In Week Eight, you will write pages 21-30 which will close out Act One of your screen play. You will post your work and review the work of five of your peers.
Table read Act One
In Week Nine, you have the week off from writing. This week, you will get together with a few friends and read Act One of your screenplay, focusing on the dialogue.
Begin Act Two
In Week Ten, you will write part one of Act Two (pages 31-40)
Write pages 41-50
In Week Eleven, you will write pages 41-50 of your screenplay
Write pages 51-60
In Week Twelve you will write pages 51-60 and will pass the halfway point of your screenplay.
Write pages 61-70
In Week Thirteen you will write pages 61-70, pushing your screenplay towards the end of Act Two.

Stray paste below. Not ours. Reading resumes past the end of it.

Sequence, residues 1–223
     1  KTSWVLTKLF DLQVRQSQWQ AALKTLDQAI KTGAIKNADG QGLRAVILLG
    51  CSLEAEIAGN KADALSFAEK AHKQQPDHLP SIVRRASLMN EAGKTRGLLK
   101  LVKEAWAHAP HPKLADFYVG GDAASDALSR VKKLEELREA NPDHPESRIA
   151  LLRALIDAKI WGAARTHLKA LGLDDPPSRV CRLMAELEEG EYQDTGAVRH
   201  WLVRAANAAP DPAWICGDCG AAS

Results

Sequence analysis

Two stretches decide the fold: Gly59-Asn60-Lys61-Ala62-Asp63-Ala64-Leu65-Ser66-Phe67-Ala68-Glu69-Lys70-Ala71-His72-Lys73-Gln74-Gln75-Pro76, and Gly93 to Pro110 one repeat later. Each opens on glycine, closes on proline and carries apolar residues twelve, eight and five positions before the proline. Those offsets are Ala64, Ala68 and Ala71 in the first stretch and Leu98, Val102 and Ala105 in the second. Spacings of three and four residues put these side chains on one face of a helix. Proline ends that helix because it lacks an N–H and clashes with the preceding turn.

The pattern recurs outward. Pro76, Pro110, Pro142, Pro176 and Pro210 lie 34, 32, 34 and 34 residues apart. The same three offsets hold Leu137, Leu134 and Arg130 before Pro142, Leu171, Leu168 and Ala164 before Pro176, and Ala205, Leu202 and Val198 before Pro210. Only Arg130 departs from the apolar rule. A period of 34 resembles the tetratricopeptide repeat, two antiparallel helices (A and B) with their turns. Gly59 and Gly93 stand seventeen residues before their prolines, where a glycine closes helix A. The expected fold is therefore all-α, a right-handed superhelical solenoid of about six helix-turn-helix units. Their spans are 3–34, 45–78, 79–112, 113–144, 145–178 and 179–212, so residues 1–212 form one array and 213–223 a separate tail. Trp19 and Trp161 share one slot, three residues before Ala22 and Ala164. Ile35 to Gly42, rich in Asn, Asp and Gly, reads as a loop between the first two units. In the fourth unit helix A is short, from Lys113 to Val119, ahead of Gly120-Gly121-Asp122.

Write pages 71-80
In Week Fourteen, you will finish up Act Two, writing pages 71-80
Table read Acts One and Two
In Week Fifteen, you have the week off from writing. Instead, you will get together with a few friends and read Acts One and Two of your screenplay, focusing on the dialogue.
Write pages 81-90
In Week Sixteen, you will begin the final act of your screenplay.
Write pages 91-100
In Week Seventeen, you will write pages 91-100, completing the middle section of Act Three
Finish Act Three
In Week Eighteen, you will write pages 100-110, finishing the final Act of your screenplay.
Table read your entire script
Finishing things up.
In Week Twenty, you will post your completed, polished script and review the finished work of three of your peers. Then you will write a cold open for your screenplay and a synopsis to submit to agents and producers.